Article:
You made it. You should feel proud of reaching this point! There’s still critical work to be done before graduation, so it’s important to stay focused.
Meet with your school counselor at the beginning of the year so you can adjust your course schedule and register for additional standardized tests, if necessary. Continue to meet throughout your senior year to check in on your college application progress. Be proactive about these meetings. Don’t wait for your counselor to reach out to you.
Don’t have a counselor? You have more resources available to you than you probably realize. Talk with your teachers, school administrators, coaches or assistant principals. You can even contact college admission officers. All of these people would be happy to help you think about your future. All you have to do is ask!
It’s time to complete your research and decide on the final list of schools you’ll be applying to. Work with your school counselor to ensure you have a list that excites you, meets your needs, and matches your academic credentials.
If you have a first choice college, discuss the possibility of applying Early Decision (ED) or Early Action (EA). Just make sure that you’d be happy to attend each and every college on your list (not just your ED or EA choice).
Make sure you understand what the testing requirements are for each school on your list. Consult the official ACT and SAT websites for official exam dates and other registration information.
Remember: The College Board and the ACT both offer exam fee waivers for eligible students. If you’re concerned registration fees might impose a financial burden on your family, talk to your school counselor about a fee waiver.
Use your college applications to showcase your strengths and tell your personal story. To do this well will take time, effort, and careful attention to detail, so be mindful of deadlines and avoid waiting until the last minute.
Pro Tip: In the Apply section of our website, you’ll find helpful resources like an Application Guide and Dictionary to support you through the process.
Touch base with your school counselor and teachers to make sure everything gets to each college you apply to, including your official high school transcript and letters of recommendation.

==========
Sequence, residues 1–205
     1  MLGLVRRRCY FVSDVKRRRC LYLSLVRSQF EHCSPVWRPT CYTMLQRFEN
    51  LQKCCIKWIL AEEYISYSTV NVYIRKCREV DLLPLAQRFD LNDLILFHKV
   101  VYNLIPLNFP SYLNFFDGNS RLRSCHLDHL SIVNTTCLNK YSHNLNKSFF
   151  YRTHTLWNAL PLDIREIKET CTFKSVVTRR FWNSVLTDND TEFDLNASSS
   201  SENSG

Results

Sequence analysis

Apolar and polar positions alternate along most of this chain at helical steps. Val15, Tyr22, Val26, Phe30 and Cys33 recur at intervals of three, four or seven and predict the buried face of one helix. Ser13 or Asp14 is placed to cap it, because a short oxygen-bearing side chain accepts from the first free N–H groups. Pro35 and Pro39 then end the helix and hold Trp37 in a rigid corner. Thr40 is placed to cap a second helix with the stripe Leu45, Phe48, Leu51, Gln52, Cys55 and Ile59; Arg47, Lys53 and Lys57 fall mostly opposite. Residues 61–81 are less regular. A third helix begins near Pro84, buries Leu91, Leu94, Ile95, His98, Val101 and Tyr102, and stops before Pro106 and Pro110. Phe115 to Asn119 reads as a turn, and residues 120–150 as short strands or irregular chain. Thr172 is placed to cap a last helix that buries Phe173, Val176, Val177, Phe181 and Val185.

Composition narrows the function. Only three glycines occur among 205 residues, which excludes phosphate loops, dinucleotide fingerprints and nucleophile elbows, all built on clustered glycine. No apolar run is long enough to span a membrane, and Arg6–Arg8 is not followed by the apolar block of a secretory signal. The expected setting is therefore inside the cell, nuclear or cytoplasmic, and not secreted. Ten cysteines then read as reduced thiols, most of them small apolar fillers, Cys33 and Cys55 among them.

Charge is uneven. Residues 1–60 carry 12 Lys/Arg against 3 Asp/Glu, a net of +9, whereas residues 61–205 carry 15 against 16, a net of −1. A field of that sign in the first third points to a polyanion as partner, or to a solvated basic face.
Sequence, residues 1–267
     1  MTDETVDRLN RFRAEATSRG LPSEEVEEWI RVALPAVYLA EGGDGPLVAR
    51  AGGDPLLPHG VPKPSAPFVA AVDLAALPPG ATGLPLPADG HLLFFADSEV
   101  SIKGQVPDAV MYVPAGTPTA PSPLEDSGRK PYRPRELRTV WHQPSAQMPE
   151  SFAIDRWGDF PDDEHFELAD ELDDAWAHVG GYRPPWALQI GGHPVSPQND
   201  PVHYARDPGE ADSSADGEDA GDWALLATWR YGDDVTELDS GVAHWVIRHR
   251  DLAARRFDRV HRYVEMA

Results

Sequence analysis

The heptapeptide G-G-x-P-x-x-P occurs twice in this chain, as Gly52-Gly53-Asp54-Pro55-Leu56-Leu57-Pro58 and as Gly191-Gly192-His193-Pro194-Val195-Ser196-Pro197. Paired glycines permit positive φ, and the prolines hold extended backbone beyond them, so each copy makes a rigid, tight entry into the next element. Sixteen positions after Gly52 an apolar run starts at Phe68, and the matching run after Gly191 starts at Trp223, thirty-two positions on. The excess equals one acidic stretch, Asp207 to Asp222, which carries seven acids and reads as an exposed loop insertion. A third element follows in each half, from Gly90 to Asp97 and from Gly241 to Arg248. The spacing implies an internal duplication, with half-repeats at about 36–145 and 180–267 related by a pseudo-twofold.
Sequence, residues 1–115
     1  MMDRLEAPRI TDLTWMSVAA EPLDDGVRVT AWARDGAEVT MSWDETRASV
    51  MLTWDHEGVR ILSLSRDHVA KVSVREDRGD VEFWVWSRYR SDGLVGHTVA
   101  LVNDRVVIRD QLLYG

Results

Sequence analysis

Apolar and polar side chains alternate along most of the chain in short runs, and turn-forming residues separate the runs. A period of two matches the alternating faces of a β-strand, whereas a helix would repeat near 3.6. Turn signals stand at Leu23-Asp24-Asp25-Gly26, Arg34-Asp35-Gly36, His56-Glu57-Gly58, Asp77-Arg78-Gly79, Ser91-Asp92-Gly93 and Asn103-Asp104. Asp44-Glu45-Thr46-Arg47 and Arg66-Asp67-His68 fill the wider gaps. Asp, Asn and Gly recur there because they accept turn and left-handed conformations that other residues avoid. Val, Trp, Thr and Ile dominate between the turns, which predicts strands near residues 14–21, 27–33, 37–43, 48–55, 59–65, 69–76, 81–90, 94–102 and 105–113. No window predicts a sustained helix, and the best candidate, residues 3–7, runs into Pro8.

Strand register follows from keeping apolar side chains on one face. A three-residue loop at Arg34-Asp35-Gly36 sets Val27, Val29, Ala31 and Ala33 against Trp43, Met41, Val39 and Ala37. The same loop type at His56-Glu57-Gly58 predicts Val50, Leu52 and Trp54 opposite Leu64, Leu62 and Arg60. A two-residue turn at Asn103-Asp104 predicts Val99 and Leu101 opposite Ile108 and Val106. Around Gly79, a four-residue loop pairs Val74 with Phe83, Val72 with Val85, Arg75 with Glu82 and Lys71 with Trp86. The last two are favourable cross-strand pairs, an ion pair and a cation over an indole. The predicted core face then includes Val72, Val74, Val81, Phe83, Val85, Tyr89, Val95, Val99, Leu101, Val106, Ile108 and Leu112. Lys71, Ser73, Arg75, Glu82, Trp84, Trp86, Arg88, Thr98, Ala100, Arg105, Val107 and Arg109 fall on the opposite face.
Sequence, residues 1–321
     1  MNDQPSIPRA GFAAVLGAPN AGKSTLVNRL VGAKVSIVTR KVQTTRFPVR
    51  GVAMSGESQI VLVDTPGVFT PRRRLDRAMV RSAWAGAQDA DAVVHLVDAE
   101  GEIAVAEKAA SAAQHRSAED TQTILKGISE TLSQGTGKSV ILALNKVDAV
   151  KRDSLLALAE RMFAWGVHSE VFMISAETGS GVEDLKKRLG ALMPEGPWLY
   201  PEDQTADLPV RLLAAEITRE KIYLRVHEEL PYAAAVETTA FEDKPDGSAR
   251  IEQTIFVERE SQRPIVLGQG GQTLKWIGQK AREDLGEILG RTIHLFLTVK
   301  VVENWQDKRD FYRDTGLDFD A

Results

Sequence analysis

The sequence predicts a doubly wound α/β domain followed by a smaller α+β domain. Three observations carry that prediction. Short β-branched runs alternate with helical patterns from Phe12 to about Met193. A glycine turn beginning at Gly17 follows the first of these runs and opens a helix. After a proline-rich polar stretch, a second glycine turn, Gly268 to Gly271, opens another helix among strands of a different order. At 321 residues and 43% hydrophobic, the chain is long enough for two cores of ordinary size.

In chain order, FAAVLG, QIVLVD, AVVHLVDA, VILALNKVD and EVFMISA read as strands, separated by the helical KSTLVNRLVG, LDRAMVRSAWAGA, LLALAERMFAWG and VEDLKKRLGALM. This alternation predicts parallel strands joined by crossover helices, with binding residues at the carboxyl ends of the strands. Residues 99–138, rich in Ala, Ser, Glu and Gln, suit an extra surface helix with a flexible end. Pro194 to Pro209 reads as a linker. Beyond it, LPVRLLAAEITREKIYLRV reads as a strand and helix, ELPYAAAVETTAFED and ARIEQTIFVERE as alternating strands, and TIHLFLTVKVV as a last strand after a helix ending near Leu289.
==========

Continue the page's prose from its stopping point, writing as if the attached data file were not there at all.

Pro tip: Consult the Recommenders and FERPA section in your Common App account to monitor when your transcript and letters of recommendation have been submitted to each college.
Your FAFSA should be done as soon as possible beginning October 1. Some colleges will also ask you to complete the CSS Profile. Consult the Financial Aid Resources tab in your Common App. Pay careful attention to specific financial aid deadlines and requirements for individual colleges so you don’t miss out on any money you are eligible for.
Pro tip: Don't forget about scholarships! Also within the Financial Aid Resources tab in your Common App account you can connect with Scholar Snapp, a free service from the Michael & Susan Dell Foundation that helps you apply to hundreds of scholarships around the country. Qualified applicants can even apply directly for The Jack Kent Cooke Foundation's Cooke College Scholarship Program using Common App.
This is the most exciting part! Take time to review your admission offers and compare financial aid packages. Most colleges offer special admitted students programs designed to help you make your decision, so visit your top choice schools, if possible. Your parents and school counselor can also help you with this decision-making process.
When you have made your decision, you will need to notify the college you choose of your commitment and submit a financial deposit by May 1st. You cannot submit a deposit to more than one school. You will also need to notify the colleges that you do not plan to attend of your decision. This is an important step in helping to open up seats for other students who may be on a waitlist for those schools.
Even after you complete your applications and receive admission offers, your entire year of grades still counts. Some colleges require midyear grades to be sent, and the college you choose to attend will receive your final high school transcript at the end of the year. College acceptances are contingent upon successful completion of your coursework, and a noticeable slip in academic performance could alter your scholarship eligibility or offer of admission.
Congratulate yourself on making it to the finish line. You are on your way! You are ready for college, and college is ready for you. Don’t forget to thank your parents, counselors, teachers, and mentors for helping you reach this milestone. And remember - those same adults are there to cheer you on and offer support as you continue on your journey.